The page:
Meet Brad Kinsinger, PLSP-ECMC Foundation fellow

Meet Brad Kinsinger, director of the Global Agriculture Learning Center at Hawkeye Community College. Kinsinger’s Techniques interview appears as part of a digital-exclusive spotlight series on fellows in the Postsecondary Leadership Success Program at ACTE – Sponsored by ECMC Foundation.

What leadership skills do you hope to develop as part of the Postsecondary Leadership Success Program at ACTE – Sponsored by ECMC Foundation?

Through the program I hope to gain valuable skills that allow me to empower others and become more efficient in my work. I hope to learn — from speakers and others in the program — how to be more intentional with my focus areas and purpose. Too often it seems as though I am running from fire to fire. What needs my greatest attention at this moment, that’s where my focus lies. I hope to prioritize my work to better serve others in and outside of our institution. I also strive to achieve a better work life balance.

In what ways have you innovated to engage students & inspire colleagues in CTE through the COVID-19 pandemic?

I will never say that COVID-19 is a good thing, but it has taught us many things to help us improve in the future. For example, how can we provide opportunities for students to engage with other students from around the globe? Prior to the pandemic, I led numerous study abroad opportunities a year. These experiences had a great impact on students, but they’re limited to students who can afford or are willing to travel abroad.

Since we were unable to travel, we created a virtual exchange for students to connect from Denmark, the Netherlands and Iowa. There was no cost to participate, providing greater access for students to engage and develop their global competence. Even when travel returns for study abroad, I foresee continuing virtual exchanges to provide opportunities for all students.

Our education systems face many challenges in 2021. Please discuss the steps CTE can take to improve equitable access to high-quality CTE programs of study.

This is a question that I have struggled a lot with lately. We must be aware that there will be unintended consequences to many actions, especially when those with great privilege (including myself) are leading the efforts. I think the first step to creating greater equitable access to CTE is to approach all situations with an open mind.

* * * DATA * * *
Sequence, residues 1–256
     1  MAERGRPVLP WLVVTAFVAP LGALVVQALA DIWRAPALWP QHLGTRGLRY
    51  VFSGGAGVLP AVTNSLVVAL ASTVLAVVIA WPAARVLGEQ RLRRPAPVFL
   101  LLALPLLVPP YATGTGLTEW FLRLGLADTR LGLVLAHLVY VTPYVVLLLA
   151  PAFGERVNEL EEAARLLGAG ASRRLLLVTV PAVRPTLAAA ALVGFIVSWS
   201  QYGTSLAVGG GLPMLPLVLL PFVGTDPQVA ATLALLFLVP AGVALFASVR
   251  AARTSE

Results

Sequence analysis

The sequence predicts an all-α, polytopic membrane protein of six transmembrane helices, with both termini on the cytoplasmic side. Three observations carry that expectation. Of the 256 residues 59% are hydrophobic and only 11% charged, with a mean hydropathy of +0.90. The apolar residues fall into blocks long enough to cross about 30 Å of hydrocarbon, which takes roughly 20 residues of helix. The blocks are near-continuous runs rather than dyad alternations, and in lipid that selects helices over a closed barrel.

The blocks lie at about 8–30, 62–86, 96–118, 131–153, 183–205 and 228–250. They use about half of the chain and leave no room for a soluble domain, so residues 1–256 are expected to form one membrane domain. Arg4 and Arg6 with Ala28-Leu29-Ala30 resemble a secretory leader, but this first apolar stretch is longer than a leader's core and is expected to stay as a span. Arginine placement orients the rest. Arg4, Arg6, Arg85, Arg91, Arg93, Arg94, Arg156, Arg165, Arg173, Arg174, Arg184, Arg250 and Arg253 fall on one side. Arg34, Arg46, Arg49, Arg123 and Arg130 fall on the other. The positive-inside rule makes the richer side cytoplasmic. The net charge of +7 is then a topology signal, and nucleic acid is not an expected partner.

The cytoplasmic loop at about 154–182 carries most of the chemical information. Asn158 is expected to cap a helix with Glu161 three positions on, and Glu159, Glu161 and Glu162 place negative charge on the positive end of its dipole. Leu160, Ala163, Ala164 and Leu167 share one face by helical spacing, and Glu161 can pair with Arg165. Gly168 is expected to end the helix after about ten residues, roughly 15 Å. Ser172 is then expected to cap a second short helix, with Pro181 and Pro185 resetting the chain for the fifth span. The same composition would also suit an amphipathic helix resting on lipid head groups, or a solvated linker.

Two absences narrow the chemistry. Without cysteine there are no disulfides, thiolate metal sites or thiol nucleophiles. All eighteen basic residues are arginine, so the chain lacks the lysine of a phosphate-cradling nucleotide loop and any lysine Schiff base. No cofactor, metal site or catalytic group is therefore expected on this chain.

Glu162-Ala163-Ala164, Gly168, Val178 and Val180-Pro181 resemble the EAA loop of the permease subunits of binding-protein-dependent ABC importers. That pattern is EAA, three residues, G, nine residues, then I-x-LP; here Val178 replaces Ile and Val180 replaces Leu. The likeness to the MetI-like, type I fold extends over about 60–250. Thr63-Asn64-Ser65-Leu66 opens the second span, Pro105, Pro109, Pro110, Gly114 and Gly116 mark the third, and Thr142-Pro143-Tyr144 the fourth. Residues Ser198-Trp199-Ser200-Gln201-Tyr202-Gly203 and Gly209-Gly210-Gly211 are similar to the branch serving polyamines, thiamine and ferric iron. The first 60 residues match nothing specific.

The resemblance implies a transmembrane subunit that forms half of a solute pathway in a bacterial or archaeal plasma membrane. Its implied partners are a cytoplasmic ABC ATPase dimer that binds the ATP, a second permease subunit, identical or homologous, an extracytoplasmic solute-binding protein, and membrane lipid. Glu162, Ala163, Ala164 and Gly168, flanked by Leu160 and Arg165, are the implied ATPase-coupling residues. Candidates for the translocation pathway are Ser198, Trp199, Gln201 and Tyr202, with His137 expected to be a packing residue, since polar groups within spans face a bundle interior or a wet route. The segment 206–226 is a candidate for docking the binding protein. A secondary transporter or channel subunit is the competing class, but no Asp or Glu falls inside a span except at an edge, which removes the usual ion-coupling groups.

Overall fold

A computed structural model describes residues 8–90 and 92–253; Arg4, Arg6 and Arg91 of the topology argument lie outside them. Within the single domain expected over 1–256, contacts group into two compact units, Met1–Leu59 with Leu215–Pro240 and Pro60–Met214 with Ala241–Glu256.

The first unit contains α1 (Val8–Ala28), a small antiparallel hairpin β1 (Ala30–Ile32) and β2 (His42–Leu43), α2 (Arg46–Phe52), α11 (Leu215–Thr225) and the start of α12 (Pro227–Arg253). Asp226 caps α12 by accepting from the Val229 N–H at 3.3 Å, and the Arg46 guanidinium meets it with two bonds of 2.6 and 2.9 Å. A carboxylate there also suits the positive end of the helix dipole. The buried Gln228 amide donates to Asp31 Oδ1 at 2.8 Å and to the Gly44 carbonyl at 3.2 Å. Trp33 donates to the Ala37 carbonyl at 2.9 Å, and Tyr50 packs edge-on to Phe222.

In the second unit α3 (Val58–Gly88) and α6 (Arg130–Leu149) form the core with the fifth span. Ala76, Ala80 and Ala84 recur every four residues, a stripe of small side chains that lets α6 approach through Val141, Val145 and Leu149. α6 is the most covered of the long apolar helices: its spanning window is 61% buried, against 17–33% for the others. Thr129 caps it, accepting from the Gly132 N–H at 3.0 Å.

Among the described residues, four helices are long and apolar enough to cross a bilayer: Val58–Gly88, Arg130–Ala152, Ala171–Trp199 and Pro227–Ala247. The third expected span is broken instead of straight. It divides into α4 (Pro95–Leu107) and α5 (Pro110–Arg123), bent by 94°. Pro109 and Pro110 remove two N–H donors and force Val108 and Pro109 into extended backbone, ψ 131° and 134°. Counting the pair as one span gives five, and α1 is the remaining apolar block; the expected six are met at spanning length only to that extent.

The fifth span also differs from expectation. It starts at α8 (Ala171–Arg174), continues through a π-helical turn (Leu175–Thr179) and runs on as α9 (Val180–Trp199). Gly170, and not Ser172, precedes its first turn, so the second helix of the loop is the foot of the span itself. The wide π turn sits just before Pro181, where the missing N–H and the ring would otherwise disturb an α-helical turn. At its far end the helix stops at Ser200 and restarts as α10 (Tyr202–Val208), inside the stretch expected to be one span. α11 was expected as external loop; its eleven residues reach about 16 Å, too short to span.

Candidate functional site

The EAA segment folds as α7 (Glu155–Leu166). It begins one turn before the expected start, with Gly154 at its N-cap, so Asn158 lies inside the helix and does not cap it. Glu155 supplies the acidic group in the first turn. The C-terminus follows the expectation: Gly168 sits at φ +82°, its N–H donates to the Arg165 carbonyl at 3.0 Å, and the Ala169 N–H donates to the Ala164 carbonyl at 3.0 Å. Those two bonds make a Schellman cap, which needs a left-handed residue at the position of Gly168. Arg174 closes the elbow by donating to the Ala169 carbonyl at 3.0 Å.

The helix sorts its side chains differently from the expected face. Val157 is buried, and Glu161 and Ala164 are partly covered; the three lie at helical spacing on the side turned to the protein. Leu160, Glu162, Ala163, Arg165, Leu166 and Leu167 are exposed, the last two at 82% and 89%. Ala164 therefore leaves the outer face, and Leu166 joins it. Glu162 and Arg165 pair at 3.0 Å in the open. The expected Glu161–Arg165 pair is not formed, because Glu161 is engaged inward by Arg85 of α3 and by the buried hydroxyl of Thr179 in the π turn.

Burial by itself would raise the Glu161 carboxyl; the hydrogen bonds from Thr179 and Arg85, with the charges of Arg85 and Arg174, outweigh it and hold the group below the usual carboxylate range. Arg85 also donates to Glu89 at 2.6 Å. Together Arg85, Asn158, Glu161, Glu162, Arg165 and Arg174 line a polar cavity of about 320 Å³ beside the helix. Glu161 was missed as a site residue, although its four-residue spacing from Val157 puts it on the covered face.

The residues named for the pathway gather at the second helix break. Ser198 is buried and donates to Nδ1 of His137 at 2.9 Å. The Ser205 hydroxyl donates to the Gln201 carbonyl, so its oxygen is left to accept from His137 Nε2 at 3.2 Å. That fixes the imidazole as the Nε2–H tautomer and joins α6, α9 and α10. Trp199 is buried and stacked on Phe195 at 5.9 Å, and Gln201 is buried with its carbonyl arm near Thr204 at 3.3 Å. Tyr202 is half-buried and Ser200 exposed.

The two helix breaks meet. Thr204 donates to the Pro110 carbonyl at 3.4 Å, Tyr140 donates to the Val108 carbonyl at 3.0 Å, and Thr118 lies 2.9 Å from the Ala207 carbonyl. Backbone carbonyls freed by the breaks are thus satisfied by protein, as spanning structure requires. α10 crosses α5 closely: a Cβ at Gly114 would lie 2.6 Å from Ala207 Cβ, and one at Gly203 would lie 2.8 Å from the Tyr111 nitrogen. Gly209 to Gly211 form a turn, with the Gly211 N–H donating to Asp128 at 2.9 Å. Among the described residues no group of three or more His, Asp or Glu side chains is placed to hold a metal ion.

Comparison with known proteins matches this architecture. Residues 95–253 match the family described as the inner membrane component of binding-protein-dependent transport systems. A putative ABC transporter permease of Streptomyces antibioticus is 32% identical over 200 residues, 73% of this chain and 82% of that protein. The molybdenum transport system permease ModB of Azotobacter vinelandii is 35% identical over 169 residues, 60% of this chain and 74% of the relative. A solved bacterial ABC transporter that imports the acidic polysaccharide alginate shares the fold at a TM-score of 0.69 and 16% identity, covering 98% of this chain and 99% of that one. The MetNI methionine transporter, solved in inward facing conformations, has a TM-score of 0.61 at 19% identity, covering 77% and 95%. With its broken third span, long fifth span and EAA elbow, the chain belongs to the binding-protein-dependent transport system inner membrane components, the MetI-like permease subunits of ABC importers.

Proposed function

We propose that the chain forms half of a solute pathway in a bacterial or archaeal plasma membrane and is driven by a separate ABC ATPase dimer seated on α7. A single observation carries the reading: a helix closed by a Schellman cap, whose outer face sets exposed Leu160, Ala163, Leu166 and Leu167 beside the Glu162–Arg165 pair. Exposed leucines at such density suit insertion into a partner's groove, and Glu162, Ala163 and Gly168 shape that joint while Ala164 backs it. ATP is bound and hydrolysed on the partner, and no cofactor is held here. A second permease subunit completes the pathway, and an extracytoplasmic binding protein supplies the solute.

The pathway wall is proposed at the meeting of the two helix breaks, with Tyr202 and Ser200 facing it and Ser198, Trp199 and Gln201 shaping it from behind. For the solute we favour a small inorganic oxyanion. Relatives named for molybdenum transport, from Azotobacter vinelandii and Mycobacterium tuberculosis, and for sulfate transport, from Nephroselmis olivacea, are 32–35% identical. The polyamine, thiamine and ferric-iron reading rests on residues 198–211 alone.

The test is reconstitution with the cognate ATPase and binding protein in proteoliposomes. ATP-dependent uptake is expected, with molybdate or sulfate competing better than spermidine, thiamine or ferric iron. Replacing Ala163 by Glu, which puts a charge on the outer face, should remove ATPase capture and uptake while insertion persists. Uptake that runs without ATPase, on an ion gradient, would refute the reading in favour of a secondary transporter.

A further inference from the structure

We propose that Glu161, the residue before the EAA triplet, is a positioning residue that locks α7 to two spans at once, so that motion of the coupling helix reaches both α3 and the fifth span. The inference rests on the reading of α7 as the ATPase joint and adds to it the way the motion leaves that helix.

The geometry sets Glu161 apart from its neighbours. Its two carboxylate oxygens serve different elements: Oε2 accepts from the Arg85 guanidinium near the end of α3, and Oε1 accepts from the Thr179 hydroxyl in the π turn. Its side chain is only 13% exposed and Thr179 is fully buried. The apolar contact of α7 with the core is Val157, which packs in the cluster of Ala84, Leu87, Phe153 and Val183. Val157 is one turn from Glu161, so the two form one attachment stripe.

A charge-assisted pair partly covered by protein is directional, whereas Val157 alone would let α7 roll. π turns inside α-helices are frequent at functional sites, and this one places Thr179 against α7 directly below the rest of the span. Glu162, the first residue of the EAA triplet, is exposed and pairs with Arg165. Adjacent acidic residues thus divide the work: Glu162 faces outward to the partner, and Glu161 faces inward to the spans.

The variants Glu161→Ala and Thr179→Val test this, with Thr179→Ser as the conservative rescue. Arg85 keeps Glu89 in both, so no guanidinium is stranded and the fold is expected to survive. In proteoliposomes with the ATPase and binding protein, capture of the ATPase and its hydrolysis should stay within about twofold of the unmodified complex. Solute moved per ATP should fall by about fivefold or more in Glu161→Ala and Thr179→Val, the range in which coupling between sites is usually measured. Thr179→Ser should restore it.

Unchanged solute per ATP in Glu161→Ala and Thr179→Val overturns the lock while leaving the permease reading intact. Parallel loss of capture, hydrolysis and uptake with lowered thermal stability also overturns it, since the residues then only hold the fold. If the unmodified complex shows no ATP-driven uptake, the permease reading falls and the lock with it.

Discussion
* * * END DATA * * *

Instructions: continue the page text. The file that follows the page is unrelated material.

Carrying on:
Be willing to listen. Admit when you have made mistakes and surround yourself with a team of diverse individuals. Self-reflection is a big piece of this — once again, for me included. Educators must consider how they have or have not encouraged equitable access.

Next, we need to engage diverse stakeholders in the planning process. As we develop programs and strategies we must continually ask, “Whose voices need to be heard?” Then, after implementing plans and strategies, we must continue to evaluate and reflect. Our work will never be done.

Is there anything else you’d like to share?

We are all stronger together. If we are going to tackle the complex problems facing our communities and the world, we need to build diverse teams that are willing to work together for the common good.

Learn more about the Postsecondary Leadership Success Program at ACTE – Sponsored by ECMC Foundation.

Please also meet:

  • Tiffanie Rosier, STEM education coordinator at Northern Virginia Community College
  • Tachaka Hollins, assistant vice chancellor for academic affairs at the Tennessee Board of Regents
  • Tracey D. Cooper, executive director of nursing at Temple College
  • Bernie Phelps, director of Perkins, Perkins Rural Reserve and dual enrollment at Montana Technological University, Highlands College
  • Vickie Thomas, director of the Center for Workforce and Community Development at Eastern New Mexico University – Roswell
  • Moira Lafayette, dean of health sciences and public safety at Blackhawk Technical College
  • Eric Sewell, director of technical education at Southern Union State Community College
  • C.J. Wurster, district director at Maricopa County Community College District
  • Katie Vincent, director of workforce partnerships at Owensboro Community and Technical College
  • Xue Xing, assistant professor of teaching and learning at University of Nevada, Las Vegas
  • Aleksander Marthinussen, program manager with NOVA SySTEMic at Northern Virginia Community College
  • Martha Payan-Hernandez, director of CTE at Fullerton College
  • Dan Adams, former CTE administrator and current stay-at-home dad
  • Ashlee Spannagel, dean of CTE and workforce development at Southeastern Community College
  • Darlene O’Rourke, Perkins grant director and officer at Queensborough Community College
  • Shelsi Barber-Carter, CTE coordinator at Baton Rouge Community College